CSC will radically overhaul its struggling multi-billion pound NHS IT implementations, if it is not removed from the programme following unprecedented comments by the prime minister last week.
David Cameron told parliament he was “very concerned” at progress on the project, and that he was considering "all available options under the current contract including the option of terminating some or indeed all of the contract".
If CSC keeps its contract, the US-based outsourcer is planing to change its deployment method to roll out patient administration systems into smaller deployments of more standard and modular components.
Nine years into the programme, the supplier has insisted it will involve doctors at an earlier stage in IT development and implementation from now on.
The strategy was revealed at CSC’s annual investor day, which began two hours after prime minister David Cameron told parliament he may consider cancelling all or part of the supplier’s contract. A series of parliamentary reviews beginning next week are expected to deliver a dim outlook for parts of the project, which is also being led by BT in other areas of the country.
CSC investors were looking for updates on the company’s £3 billion NHS contract – which forms a significant chunk of company revenues – after it admitted the delayed rollout was leading to the late receipt of large payments.
Guy Hains, healthcare president at CSC, said the supplier had been “learning with the NHS about the better way” it can deliver useful frontline systems.
Firstly, a more modular approach to the rollout would be taken. “We’re doing it in smaller chunks – we’re doing it in ten smaller delivery units rather than two major releases. And we’ll be able to deploy those in a separable, incremented way,” said Hains.
“There’s no question that that will help digestion as it goes into the NHS.”
Secondly, a more standardised approach would be taken, instead of highly-specific deployments in each hospital. For ‘early’ adopters, with which CSC is still working, Hains said there would be “not just a rebranding but a radical change in development”, where NHS frontline expertise is taken to inform future work.
“Rather than develop the software and then go through extended testing, we are bringing the engagement of those lead clinicians and lead trusts upstream right into the requirements, refinement and capture stage, so that will allow us to shorten the time to market for the whole programme,” he said.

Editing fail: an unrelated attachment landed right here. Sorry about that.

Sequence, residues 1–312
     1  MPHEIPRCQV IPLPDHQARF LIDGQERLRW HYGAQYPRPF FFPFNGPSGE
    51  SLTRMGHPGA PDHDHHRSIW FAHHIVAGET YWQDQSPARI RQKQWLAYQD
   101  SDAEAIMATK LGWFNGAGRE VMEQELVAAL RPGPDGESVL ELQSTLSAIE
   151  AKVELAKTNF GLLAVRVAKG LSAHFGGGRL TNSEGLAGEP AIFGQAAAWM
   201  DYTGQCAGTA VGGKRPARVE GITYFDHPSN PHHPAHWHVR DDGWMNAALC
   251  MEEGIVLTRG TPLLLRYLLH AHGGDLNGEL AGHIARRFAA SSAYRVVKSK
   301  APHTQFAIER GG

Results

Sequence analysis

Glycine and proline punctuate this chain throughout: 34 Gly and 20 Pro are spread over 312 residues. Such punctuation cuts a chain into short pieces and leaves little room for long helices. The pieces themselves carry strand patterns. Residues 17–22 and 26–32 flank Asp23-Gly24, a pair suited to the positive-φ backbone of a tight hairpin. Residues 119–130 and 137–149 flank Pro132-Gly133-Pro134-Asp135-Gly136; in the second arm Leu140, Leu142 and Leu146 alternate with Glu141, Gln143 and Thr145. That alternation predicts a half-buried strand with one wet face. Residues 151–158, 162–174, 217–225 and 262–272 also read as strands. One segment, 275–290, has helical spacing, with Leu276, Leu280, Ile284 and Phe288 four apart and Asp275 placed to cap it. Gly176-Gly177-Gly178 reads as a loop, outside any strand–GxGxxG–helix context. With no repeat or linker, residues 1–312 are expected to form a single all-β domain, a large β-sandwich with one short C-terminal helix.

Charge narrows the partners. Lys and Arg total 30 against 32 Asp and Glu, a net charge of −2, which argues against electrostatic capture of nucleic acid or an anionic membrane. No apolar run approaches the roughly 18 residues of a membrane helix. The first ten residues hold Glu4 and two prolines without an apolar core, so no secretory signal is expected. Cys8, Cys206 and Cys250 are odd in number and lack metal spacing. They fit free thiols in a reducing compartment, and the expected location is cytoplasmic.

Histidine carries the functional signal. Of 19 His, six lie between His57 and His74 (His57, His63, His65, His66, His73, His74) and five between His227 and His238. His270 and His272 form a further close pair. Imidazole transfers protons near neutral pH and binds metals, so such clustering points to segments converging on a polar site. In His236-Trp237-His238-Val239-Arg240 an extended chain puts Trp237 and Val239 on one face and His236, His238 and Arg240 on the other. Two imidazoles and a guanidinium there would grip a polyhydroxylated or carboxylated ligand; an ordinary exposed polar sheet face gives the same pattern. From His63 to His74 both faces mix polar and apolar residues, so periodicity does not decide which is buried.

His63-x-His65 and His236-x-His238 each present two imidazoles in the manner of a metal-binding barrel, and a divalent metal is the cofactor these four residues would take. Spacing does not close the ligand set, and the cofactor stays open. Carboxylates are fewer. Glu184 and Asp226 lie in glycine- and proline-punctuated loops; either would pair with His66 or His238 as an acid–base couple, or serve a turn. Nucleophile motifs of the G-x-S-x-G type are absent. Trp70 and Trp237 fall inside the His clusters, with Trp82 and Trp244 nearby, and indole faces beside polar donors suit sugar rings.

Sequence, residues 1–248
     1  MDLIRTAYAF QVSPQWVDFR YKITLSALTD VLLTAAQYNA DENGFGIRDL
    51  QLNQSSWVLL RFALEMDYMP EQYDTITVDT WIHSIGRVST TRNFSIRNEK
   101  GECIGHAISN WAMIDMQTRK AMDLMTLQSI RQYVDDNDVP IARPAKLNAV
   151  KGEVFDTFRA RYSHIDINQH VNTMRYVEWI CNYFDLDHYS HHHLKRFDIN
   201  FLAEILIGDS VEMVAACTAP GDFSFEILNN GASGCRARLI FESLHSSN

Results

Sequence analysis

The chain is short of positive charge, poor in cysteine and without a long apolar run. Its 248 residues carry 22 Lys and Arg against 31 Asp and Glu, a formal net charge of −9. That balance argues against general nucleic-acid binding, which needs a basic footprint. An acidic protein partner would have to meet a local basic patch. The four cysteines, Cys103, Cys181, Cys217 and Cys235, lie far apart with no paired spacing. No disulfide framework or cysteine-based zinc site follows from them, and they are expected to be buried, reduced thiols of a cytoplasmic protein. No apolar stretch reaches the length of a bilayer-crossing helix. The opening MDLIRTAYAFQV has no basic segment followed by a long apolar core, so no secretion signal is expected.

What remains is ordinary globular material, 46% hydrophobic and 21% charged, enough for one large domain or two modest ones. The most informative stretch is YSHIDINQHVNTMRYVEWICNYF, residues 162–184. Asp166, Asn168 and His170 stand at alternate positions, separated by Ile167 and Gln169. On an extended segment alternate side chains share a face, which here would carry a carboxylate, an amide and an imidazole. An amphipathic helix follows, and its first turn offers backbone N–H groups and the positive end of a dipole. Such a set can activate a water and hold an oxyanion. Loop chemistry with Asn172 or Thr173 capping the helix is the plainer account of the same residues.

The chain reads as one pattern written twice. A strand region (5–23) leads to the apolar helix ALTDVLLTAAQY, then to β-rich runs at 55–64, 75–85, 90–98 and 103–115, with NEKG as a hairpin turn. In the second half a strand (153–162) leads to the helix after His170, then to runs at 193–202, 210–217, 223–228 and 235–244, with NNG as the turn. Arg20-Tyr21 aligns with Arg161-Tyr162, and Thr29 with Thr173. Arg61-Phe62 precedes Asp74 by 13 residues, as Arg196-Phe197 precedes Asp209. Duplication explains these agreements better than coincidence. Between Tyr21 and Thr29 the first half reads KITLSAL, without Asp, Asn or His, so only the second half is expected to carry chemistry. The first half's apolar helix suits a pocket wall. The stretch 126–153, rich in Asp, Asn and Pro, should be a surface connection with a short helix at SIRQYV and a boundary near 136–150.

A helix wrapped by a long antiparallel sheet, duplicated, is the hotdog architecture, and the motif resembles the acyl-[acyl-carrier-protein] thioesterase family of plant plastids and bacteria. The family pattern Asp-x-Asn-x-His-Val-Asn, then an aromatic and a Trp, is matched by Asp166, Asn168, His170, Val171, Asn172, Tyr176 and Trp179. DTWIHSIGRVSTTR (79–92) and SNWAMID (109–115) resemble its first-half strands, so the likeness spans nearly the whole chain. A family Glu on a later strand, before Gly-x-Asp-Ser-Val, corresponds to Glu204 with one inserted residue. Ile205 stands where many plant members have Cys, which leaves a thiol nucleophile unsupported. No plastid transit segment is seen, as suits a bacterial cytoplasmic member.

Hains said “common requirement” would be set by an “expert user group”, in order that “one single trust doesn’t dominate in its requirements”.
CSC has insisted it is on the “cusp of success” with the programme, adding that it expects to commence a “volume” rollout of standardised chunks in the near future.
The supplier had drawn up a draft Memorandum of Understanding with the Department of Health, following months of difficult discussions as the parties struggled to reach agreement. But it remains uncertain whether this deal will be signed in its current form, or at all, following the prime minister’s assertion that he will consider committee reviews before allowing any signature.
Silvia Piai, research manager at analyst firm IDC Health Insights, said CSC “looks optimistic” with its expectations around the MoU, considering the comments made by the prime minister. But she added that the supplier has many other systems in the NHS that could be impacted by a cancellation, and that the government needed to be clear on the “real consequences” of such a move.
Piai said she supported the ideas of breaking down the deployment into more manageable chunks, and not allowing individual trusts to dominate specifications.
But she asked: “What about the work that has been done already? How will the changes be made and who will pay for them?” With trusts having already taken different approaches, she warned, “it will be difficult to develop the economies of scale that would have been in the original financial plan”.
The move to involve more clinicians in the decision process was “obviously a positive thing”, she said, because a purely top-down approach “is almost invariably wrong”, especially in such a decentralised organisation as the NHS. A top down approach in the 1980s on a London Ambulance Service project had turned into a "fiasco" when it failed to meet front line support, she said.
“One of the reasons that clinical engagement has not happened, or has not happened enough [on the current programme], is that the original contracts left investments in change management to individual trusts,” she said. “That failure to engage enough with clinicians was a major mistake whose consequences have continued to haunt the programme, and it must be reversed.”
The National Audit Office will report on the project on Wednesday. Following this, the Public Accounts Committee will hold hearings, and the Major Projects Authority will initiate a thorough investigation of the work. The prime minister has said no contract will be signed, if at all, until these reviews are complete.